Twitter Bots

This post is part of a collection on Bots I've Made.

Note: These bots were retired on April 4, 2017 after years of service.

I've already posted about this too much on Twitter, but over the last couple of weeks I've turned out a couple of bots: @ArkhamSingles, @LesserKnownCase, and @CyberSkyMall. The technique is basically the same as the (now mostly broken) Poe-based character generator I wrote a few years ago. (update 2016-06-16: the Poe generator went offline a few years ago.)

What makes a man? All kinds of things.

The way it works is simple: first, using a part-of-speech tagger, pull all the nouns and adjectives out of a source document. Then, using WordNet, sort the nouns into broad categories, in this case events, locations, items, and words that describe people. Create a fill-in-the-blank sentence with some adjectives in front of nouns of the right category and you've got MadLibs.

The fun thing about the technique is how authors are as distinctive as you'd expect; on top of that, since the method just uses lists of words, it's easy to mix things together so you can get, say, half Indiana Jones and half Lovecraft.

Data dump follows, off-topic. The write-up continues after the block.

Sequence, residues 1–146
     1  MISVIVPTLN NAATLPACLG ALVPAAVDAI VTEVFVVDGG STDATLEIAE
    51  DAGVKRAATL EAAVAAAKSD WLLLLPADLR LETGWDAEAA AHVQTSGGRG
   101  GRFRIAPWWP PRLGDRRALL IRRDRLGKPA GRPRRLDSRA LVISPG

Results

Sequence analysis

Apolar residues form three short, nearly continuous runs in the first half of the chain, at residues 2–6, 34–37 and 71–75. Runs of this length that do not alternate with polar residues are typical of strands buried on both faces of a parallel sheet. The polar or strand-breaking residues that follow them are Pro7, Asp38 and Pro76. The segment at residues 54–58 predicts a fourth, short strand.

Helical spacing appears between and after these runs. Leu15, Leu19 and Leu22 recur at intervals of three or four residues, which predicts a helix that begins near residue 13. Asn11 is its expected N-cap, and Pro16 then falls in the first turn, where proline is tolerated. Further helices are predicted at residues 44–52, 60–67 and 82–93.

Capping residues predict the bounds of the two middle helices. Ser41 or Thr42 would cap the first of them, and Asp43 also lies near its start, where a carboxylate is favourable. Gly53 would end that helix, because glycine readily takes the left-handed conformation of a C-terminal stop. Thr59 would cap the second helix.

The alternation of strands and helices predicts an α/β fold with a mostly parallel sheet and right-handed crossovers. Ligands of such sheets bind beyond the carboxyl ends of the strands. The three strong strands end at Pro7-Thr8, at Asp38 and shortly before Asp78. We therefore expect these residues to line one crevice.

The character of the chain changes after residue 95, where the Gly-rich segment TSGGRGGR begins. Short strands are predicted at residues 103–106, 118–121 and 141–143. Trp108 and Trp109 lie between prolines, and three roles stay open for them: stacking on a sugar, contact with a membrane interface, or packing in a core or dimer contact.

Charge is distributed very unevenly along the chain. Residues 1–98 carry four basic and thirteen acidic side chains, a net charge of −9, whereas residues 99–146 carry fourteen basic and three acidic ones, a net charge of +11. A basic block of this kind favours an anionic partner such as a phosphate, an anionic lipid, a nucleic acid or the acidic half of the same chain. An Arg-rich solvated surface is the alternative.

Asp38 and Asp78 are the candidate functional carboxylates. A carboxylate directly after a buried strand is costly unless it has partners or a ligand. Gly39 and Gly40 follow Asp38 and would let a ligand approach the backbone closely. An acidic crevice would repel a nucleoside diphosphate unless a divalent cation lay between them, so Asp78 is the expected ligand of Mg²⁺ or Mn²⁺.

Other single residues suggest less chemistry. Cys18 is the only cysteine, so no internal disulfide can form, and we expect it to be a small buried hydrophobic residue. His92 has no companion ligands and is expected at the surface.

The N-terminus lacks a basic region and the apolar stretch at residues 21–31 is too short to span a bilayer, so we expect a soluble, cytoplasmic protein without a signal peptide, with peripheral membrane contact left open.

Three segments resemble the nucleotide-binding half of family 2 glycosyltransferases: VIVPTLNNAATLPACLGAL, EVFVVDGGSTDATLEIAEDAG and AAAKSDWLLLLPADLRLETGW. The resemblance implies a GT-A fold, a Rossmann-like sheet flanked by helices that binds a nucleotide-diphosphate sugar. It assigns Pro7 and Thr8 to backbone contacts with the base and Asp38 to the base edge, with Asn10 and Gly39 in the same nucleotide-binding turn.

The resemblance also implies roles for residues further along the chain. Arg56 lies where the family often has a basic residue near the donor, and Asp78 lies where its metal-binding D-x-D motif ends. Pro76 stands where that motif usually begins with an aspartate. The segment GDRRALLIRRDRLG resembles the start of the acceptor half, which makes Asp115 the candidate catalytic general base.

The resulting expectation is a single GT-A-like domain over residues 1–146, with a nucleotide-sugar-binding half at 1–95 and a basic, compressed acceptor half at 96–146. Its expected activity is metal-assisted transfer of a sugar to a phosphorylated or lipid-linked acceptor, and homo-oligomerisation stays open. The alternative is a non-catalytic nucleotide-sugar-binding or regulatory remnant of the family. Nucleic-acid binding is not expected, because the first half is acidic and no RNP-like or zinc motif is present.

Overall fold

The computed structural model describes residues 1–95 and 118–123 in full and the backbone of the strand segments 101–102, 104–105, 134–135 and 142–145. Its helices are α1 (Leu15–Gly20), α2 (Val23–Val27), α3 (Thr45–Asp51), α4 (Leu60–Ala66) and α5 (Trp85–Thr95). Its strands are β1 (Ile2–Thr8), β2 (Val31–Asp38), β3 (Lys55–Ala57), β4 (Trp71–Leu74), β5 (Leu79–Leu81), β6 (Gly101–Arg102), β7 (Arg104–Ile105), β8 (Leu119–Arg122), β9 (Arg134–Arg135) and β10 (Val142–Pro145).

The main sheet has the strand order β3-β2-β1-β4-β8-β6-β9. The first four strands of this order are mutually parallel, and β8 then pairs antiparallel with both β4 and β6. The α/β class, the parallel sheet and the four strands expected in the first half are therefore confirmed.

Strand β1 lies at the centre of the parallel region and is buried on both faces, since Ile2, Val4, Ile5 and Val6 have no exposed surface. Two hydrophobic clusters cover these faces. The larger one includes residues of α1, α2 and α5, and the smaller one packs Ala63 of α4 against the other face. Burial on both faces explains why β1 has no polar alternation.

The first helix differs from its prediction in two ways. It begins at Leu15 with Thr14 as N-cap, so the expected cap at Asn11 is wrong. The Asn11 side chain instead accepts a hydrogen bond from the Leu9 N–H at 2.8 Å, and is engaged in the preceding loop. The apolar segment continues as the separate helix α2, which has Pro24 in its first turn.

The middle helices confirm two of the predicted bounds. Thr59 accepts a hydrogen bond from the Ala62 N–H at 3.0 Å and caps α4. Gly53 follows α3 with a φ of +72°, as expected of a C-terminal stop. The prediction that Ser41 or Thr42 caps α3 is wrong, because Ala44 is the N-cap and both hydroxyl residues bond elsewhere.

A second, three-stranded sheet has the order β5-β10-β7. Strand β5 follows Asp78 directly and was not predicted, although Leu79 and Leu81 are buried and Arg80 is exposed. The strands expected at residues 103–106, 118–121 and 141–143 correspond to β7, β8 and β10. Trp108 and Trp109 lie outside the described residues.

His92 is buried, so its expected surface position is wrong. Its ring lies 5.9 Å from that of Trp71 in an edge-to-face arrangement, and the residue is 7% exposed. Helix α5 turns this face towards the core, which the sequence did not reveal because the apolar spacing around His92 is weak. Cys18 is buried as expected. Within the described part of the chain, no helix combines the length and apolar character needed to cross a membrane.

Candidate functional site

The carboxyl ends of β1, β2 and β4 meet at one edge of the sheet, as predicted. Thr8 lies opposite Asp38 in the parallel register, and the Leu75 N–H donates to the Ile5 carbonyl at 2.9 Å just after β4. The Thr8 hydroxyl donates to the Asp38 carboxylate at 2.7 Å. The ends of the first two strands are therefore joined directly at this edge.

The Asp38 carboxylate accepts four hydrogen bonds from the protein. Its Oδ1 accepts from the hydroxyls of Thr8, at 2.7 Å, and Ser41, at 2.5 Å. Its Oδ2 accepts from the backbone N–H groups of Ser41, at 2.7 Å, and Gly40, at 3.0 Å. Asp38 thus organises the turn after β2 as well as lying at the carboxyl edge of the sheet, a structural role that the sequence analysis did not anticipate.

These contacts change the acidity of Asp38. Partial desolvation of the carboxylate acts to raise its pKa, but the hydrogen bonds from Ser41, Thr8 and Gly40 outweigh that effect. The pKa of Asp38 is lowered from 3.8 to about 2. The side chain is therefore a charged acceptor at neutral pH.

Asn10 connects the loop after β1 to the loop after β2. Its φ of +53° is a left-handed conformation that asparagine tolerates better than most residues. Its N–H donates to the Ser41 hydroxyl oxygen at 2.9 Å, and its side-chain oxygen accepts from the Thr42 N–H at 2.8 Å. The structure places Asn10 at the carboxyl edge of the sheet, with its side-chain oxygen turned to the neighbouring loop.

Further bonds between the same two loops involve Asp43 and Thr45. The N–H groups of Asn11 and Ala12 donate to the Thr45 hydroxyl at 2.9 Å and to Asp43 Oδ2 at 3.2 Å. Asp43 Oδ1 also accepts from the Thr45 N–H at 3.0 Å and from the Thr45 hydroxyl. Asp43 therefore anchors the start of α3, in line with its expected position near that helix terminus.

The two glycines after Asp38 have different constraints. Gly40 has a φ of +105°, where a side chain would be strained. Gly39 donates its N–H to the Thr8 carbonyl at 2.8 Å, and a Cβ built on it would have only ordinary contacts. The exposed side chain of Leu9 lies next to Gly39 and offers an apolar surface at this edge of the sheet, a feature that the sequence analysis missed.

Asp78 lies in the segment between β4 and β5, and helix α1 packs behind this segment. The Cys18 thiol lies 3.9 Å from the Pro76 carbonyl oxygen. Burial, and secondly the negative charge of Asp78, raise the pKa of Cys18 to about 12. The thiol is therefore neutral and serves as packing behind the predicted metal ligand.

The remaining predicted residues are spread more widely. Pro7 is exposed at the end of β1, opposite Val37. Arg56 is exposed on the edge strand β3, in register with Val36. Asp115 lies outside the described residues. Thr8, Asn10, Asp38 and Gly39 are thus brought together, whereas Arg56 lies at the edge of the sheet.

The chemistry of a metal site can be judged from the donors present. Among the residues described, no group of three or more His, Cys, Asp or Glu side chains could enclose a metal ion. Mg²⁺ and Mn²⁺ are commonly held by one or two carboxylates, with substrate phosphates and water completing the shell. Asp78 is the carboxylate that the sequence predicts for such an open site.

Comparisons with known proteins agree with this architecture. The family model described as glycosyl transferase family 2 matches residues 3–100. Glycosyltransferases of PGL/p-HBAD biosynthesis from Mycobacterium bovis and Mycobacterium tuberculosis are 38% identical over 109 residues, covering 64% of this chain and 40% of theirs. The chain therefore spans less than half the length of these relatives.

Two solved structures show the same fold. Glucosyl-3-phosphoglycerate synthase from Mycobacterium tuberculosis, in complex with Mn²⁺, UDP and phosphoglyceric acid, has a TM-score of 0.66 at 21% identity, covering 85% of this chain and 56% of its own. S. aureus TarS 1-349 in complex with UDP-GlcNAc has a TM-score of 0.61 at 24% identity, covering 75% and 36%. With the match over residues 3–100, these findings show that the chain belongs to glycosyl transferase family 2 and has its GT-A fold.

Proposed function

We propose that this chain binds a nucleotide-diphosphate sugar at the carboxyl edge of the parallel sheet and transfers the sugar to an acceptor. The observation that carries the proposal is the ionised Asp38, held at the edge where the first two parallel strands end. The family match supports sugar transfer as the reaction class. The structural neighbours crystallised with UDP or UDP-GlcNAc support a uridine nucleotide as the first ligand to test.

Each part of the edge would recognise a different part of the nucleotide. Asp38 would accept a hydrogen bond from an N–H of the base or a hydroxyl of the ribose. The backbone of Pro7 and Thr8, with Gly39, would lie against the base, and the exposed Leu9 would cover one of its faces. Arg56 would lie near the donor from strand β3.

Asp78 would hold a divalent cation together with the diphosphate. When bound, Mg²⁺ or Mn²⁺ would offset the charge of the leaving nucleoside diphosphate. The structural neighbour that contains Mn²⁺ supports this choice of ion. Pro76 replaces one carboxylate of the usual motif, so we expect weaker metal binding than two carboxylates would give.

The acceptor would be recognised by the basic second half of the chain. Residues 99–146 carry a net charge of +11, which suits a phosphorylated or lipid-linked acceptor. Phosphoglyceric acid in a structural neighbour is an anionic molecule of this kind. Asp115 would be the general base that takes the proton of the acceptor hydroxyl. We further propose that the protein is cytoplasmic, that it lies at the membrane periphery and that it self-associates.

I put an old version of the code on GitHub a while back; I'm cleaning it up to be a little easier to use. Python's NLTK helped make the tricky parts easy (though the POS tagging and sentence segmentation is really slow), but unfortunately there's nothing quite as mature in Javascript. While natural has the WordNet part taken care of, pos-js uses a single pre-trained tagger, so I need to test it to check the quality of the segmenter and tagger (both already problems in NLTK). Especially given that pos-js is semi-unmaintained it might make sense to just implement something from scratch. Of course, even if all those problems are worked out WordNet and a pre-trained tagger bring a lot of data to load into the browser for a one-off job.

A much easier proposition is putting the pre-compiled list files online so they can be used to make generators; Abulafia makes this easy, and I've gone ahead and added generators for Lovecraft, Leiber, and Dunsany. If there's any other author I should toss up, do tell me.

Besides that the next thing to do is make a Japanese version - since Mecab and Japanese Wordnet are both relatively easy to use that'll actually be easier than a web port. Ψ